Archives » July 2nd, 2005

July 2, 2005

June Ormsby House Update

The year is halfway over, and the Ormsby House is halfway done! What a coincidence! What a perfect time for another update!

The June Gallery is now live. And this month brings a new virtual home for the Orsmby House. I’ve moved the gallery from the Computer Vet over to my new website, Around Carson. This new site is meant to provide coverage of all things Carson City and Carson Valley, and the Ormsby House fits in with that perfectly. So the gallery has a new URL, http://aroundcarson.com/carsoncity/ormsbyhouse/.

Of course, things never go smoothly. I figured out how to set up an Apache redirect so that all requests for the gallery at the Computer Vet would be forwarded automatically to Around Carson. And it was working fine. But then something happened; maybe I accidentally overwrote the .htaccess file or something, but the redirect went dead. And I had already removed the gallery from Computer Vet, so people who were following Computer Vet links were getting nowhere. 404. And, since Google had indexed the Computer Vet URL, I was dropped from Google. After untold days I discovered the snafu and fixed the redirect, and everything’s back to the way it was. But I’m sure there’s going to be some fallout from all of this, especially trying to get back to the top of Google.

Anyway, you can poke around the rest of Around Carson if you want, but there’s not a lot to see. The only part that’s really ready is the Around Carson Forums, where I just happen to have made a special forum for the Ormsby House. If you want to talk about your Orsmby House memories, that’s the place you should go.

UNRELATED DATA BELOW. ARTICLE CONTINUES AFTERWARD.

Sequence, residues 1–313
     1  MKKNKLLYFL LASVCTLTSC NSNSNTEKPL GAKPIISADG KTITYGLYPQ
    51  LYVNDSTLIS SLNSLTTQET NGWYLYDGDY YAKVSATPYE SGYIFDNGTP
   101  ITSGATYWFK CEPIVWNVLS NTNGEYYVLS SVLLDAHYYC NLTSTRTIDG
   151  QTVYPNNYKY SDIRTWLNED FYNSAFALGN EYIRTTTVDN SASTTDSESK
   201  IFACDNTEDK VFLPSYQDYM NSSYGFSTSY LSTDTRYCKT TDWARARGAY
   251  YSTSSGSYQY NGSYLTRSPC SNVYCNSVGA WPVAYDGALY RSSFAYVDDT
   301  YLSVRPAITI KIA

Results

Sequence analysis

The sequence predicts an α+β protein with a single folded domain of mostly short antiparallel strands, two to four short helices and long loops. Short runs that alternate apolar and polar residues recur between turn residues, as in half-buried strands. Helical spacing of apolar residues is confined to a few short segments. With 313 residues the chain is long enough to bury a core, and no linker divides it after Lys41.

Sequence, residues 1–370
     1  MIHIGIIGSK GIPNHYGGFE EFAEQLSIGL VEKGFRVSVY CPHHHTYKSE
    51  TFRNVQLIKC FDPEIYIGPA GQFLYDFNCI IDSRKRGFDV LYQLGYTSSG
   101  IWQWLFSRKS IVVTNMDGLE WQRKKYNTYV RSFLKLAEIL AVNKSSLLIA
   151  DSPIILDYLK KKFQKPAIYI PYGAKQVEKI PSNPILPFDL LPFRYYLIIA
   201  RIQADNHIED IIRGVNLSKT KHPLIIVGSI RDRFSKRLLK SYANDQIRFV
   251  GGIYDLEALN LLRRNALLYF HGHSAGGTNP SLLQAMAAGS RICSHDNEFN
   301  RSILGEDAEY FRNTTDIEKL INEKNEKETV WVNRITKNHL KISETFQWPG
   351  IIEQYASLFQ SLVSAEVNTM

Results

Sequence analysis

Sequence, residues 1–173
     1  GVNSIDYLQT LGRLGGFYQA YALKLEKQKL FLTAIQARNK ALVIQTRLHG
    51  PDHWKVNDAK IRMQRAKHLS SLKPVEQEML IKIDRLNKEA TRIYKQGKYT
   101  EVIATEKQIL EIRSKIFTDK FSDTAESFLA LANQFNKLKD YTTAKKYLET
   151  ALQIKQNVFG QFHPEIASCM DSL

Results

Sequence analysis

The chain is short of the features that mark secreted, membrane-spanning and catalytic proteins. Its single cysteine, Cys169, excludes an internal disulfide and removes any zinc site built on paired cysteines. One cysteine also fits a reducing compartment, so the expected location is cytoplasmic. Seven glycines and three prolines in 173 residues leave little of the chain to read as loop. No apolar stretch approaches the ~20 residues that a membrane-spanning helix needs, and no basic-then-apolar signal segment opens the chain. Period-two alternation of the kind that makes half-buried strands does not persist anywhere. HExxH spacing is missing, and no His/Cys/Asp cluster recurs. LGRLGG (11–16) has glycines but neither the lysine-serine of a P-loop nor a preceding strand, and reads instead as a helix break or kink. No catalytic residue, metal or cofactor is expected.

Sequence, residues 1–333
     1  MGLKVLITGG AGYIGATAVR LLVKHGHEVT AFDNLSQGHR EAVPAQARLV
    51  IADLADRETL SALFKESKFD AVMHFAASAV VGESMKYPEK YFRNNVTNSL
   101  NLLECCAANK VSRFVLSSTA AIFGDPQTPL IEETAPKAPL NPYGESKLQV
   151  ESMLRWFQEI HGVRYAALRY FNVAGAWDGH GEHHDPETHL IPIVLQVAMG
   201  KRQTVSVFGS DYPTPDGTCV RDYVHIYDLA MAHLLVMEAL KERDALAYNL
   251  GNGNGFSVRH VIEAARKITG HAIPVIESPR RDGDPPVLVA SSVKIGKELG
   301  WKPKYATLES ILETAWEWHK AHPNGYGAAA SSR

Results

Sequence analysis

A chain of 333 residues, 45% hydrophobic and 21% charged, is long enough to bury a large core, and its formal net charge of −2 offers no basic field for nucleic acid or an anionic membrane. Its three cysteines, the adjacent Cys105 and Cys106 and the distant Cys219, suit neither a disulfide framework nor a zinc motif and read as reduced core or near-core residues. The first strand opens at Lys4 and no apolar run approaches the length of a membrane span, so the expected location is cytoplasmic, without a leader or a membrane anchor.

Or, just enjoy the update.

URL Rewriting and mod_rewrite Not Working? Read On!

Okay, so I was trying to use mod_rewrite on Apache. That’s the program you use to take a URL like this: /photos/viewphoto?photoid=5 and turn it into something pretty like: /photos/viewphoto/5. It makes your URLs look better on the surface, but underneath the server still gets to play with all the messy query strings that keep your database-backed site humming.

So anyway, I was trying to do the example shown above, and every online tutorial showed me that I should put these lines in my .htaccess file:

RewriteEngine on
RewriteRule viewphoto/([0-9]+) viewphoto.html?id=$1 [NC]

But it was not working. Just was not. I would go to /photos/viewphoto/5, and get the viewphoto.html page with no query string attached to it. What could be wrong?

On a whim once, I changed the URL requested to /photos/viewPhoto/5. Notice the capital P? That made it work. But why? Why would it work with a capital letter, but not all in lower case?

After much walking around and banging my head, I finally figured out the reason. mod_rewrite only works if you’re getting a 404 error from your URL. When I requested /photos/viewphoto/5, the server could see that there was already a file named viewphoto.html. So it just served up that file, and didn’t get mod_rewrite involved at all. What I had to do was change the URL so that I’d get a 404 Page Not Found error if my rewrite rules weren’t there. So I did this:

RewriteEngine on
RewriteRule view/([0-9]+) viewphoto.html?id=$1 [NC]

And requested the page like so: /photos/view/5. Now, because there was no view.html, the server sent the request to mod_rewrite, and my rewrites happened like I wanted them to.

So be careful about this if you’re using mod_rewrite. Don’t give your “pretty” URLs a filename that actually exists on the system, or your rewrites will never work.

To see this at work, check out a sneak preview of my new Around Carson website. I’m using it in the photo section.

http://aroundcarson.com/photos/view/1
http://aroundcarson.com/photos/view/2